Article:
Hesterectomy

**Stature is what Frank D. Gilroy's Contact With the Enemycarefully avoids, trying for strictly honorable reasons to deal with its big topic only in small-scale, down-home human terms. That's hard, since the topic is the human capacity for evil, as seen in the Holocaust by two U.S. Army vets who, having been in the unit that unearthed Ohrdruf-Nord, the first of the death camps to be discovered by the Allies, meet again at Washington's Holocaust Museum and, while getting their oral histories taken, find their memories don't tally about who did what to whom, not only at Ohrdruf but in the army's treatment of German POWs. Striking and effective as it often is, the piece is weakened by Gilroy's alternate waves of caution and carelessness: He takes great pains to establish that nobody involved is a Holocaust denier, and then writes as though a system of mass extermination and one individual's act carried identical moral weight. (The U.S. committed worse crimes in World War II than those he describes—ask anybody from Dresden.) His treatment of the museum official who takes the men's oral histories also goes through some weird contortions, inventing an elaborate personal agenda to explain an attempt to suppress information—all of which is so far from the practice of oral historians that it suggests either a lurking resentment on Gilroy's part or a desperate need to make the character "interesting." The oblique, minatory tone of Chris Smith's production, in the same vein, keeps hinting at ominous consequences that never arrive; the worst that happens is that one vet falls off the wagon, and gives a moral lecture before reeling home. Still, the little (65-minute) play's best passages have Gilroy's springy conciseness, and pack a salutary sting, while Nesbitt Blaisdell plays the small-town vet tormented by his memories with a pained, craggy truculence that's infinitely moving. Christopher Murney, stuck with the less gratifying role of his friendly antagonist, displays great patience.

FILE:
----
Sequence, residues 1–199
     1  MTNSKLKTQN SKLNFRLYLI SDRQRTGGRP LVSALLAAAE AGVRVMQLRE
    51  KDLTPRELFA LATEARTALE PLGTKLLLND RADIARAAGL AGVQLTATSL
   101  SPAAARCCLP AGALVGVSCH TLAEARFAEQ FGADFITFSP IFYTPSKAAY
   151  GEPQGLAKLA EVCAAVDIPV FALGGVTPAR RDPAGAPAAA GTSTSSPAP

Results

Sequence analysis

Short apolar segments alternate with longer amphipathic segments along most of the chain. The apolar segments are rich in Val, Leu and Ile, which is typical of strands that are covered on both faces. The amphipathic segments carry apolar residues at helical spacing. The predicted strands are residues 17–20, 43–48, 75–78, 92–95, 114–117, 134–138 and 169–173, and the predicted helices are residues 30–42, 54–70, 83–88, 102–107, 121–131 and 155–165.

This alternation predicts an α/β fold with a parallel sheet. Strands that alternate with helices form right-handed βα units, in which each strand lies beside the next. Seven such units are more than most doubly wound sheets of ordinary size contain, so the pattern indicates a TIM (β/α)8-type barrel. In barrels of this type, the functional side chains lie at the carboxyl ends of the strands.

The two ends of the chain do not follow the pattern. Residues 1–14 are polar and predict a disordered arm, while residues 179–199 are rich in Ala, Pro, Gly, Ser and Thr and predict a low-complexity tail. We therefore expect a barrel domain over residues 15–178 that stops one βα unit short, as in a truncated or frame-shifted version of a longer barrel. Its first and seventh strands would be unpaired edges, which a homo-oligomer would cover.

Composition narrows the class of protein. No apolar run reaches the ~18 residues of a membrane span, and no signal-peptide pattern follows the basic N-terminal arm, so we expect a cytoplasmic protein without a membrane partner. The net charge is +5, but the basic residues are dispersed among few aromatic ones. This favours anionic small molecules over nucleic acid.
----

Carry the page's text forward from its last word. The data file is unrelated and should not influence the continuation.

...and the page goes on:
Details

In the Blood
By Suzan-Lori Parks
Joseph Papp Public Theater
425 Lafayette Street
239-6200

Contact With the Enemy
By Frank D. Gilroy
Ensemble Studio Theatre
549 West 52nd Street
247-4982

The Price
By Arthur Miller
Royale Theatre
Broadway and 45th Street
239-6200

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**Patience is what audiences need to get through Arthur Miller's The Price,a play in which the political becomes personal rather than vice versa. A cop who's never forgiven his older brother for ditching their dad after the crash of '29 gets a chance to never forgive him again, and takes it. Miller is open-minded, and proficient, enough to note that there's fault on both sides, but he can't help favoring the embittered cop anyway; even his wife, who's pushing him to make peace for the sake of older brother's financial help, ends up siding with him. It would all be dismissable trivia, despite Jeffrey deMunn's hammering, wound-up-tight power as the cop and Harris Yulin's slyly needling softness as his doctorbrother, except that Miller created a remarkable comic role for the one intruder, a pesky, philosophic used-furniture dealer older and grander than the antiques he peddles. From four New York productions, I can barely remember a moment of the familial bickering. But I remember Joseph Buloff, who was gigantic as the furniture man Off-Broadway decades ago. And I'll remember Bob Dishy, who plays the role in the current Broadway revival. Though not on Buloff's grand scale, Dishy is pungent, pointed, and funny at every moment; his best bit—indignantly snatching a wad of cash from his own hand when the doctor reaches over to take his pulse—will be this generation's classic example of how a creative actor can convey, in one gesture, the complete essence of a character.

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